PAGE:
• June 28, 2008
    Andyzero
    Environmental messages via Gaias Vengeance are often this.
  • June 28, 2008
    LordTNK
    Chick Tracts often do this. So their aesops are often warped, broken, and happen in ways that don't happen in real life.
  • June 28, 2008
    idledandy
    Godzilla is a good example. Stop nuclear testing because you may create or awaken a giant monster which will kill you.
  • June 28, 2008
    UnknownTroper
    wait, wait... global WARMING causing a half the planet to suddenly FREEZE doesn't count?

    even if we don't count rediculus exagerations, the fact is that warmer climetes would concentrate casualties on the parts of the world that are already warmest, towit, Africa, Australasia, and central america
  • June 29, 2008
    idledandy
    Tropable? Title thoughts?
  • June 29, 2008
    Dcoetzee
    This trope seems a bit odd, in that it's obvious the writers were drawing attention to a certain Aesop, but they certainly were not claiming even implicitly that such an unforeseeable outcome would actually result, in most cases.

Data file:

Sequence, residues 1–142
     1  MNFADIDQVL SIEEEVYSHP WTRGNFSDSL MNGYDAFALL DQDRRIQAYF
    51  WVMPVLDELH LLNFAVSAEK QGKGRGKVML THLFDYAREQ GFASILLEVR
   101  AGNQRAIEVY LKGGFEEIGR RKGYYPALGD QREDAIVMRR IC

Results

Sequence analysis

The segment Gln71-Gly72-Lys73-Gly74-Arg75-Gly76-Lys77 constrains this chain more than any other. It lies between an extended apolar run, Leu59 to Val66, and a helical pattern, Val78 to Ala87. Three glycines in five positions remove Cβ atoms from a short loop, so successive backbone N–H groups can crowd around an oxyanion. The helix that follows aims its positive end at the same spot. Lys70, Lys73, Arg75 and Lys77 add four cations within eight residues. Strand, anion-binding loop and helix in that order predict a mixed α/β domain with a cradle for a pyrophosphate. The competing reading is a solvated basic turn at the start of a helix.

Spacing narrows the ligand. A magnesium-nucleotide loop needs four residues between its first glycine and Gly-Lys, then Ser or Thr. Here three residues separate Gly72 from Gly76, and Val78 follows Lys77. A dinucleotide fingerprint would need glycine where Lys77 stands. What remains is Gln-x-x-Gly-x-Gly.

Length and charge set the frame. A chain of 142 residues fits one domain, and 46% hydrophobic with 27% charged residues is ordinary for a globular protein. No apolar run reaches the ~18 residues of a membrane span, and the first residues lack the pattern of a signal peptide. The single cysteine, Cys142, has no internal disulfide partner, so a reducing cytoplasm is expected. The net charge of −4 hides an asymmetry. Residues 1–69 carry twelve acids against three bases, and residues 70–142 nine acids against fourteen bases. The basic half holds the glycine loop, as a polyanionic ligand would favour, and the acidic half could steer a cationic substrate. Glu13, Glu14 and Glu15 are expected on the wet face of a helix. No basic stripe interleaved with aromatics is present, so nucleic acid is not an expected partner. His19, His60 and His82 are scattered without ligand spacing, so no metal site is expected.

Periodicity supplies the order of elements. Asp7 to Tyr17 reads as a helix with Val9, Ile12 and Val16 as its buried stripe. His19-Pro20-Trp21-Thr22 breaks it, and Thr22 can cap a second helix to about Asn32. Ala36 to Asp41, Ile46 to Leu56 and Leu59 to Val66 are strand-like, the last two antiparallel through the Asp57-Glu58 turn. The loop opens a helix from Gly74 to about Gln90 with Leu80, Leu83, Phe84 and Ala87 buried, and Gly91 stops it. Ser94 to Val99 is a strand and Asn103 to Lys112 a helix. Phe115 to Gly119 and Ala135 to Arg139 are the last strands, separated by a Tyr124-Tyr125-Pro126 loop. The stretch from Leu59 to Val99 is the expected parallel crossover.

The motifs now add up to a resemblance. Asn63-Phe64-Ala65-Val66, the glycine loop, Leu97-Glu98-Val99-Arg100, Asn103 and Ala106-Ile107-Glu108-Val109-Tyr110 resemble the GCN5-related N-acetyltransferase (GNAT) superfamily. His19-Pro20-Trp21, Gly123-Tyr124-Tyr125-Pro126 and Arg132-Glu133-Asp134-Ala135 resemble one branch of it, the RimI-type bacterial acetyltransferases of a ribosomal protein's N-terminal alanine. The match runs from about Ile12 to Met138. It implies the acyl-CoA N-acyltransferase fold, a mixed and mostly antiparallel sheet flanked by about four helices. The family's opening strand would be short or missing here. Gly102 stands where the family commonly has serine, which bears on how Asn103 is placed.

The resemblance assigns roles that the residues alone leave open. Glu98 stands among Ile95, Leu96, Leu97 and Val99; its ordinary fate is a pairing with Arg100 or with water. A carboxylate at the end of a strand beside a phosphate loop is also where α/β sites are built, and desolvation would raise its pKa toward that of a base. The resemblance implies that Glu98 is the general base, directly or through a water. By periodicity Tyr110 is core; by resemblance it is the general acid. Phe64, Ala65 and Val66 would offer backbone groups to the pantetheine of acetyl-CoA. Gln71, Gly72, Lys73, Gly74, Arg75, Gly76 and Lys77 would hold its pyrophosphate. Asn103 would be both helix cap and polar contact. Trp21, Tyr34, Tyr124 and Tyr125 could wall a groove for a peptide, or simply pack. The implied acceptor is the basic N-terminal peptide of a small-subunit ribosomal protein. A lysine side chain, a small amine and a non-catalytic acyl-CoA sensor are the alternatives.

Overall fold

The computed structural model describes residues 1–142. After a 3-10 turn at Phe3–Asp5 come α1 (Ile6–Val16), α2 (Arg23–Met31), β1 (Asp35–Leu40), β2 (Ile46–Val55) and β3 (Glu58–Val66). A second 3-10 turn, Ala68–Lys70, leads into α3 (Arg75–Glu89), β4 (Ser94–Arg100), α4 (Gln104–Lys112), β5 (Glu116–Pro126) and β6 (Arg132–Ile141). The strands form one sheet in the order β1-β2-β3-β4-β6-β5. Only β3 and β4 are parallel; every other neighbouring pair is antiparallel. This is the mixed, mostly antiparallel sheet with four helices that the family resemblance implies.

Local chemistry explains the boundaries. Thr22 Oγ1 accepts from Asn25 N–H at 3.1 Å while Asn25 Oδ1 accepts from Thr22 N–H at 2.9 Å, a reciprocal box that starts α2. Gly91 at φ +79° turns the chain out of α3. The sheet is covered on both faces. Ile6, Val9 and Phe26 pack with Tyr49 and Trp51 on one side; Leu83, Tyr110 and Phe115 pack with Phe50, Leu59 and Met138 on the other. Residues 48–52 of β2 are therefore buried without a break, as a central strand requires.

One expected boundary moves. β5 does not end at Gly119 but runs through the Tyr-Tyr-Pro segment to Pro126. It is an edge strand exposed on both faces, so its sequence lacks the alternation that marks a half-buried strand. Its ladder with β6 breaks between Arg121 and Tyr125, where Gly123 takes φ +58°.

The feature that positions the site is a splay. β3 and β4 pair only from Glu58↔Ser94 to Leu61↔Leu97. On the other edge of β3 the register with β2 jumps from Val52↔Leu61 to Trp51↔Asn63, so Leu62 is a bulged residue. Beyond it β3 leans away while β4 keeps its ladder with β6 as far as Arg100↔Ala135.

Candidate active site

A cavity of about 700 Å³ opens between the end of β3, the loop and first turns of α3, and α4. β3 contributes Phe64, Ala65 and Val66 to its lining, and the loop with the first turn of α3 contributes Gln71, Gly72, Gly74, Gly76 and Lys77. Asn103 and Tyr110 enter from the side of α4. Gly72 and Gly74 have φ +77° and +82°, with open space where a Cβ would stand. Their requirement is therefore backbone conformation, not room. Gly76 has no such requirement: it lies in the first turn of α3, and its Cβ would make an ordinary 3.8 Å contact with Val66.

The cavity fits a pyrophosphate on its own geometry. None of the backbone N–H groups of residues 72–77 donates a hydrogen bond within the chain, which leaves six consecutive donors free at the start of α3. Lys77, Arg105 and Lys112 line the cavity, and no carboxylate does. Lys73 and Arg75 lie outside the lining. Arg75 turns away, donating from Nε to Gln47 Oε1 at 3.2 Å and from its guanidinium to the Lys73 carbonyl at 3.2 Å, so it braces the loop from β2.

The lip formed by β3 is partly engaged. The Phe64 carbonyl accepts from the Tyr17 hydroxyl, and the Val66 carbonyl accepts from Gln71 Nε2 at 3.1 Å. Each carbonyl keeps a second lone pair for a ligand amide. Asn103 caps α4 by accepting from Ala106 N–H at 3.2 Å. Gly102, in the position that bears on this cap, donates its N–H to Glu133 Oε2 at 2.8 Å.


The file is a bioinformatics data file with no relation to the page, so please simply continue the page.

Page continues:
I'd name it something like Aesop Backstory - the Aesop, which is a relevant to some current event, is being used to provide backstory for the events in the work, which take place in the future.
  • June 29, 2008
    Nate the Great
    Garrison Keillor plays with this in one of his Lake Wobegon speeches. The "moral" is: spare the ant in your yard, or else radiation might mutate all of the ants into giant mutants that will trample your house.
  • June 29, 2008
    Sackett
    Unforeseen Consequences is actually a pretty common Aesop. I think you might mean something more along the lines of an Aesop that is unsatisfied with reasonable consequences and insist that if you don't obey the Aesop the world will be destroyed and it will be All Your Fault.